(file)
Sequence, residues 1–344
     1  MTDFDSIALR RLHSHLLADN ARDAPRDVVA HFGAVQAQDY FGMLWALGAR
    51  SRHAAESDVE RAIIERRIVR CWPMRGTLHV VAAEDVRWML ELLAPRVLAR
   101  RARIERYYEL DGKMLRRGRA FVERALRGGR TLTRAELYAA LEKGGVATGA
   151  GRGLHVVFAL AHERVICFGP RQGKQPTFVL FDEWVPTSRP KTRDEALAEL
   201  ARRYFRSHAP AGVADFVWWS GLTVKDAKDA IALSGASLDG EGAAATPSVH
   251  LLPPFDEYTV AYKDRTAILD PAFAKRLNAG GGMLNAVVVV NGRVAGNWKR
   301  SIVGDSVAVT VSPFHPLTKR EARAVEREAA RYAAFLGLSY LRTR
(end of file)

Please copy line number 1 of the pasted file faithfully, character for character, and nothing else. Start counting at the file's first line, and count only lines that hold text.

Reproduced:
Sequence, residues 1–344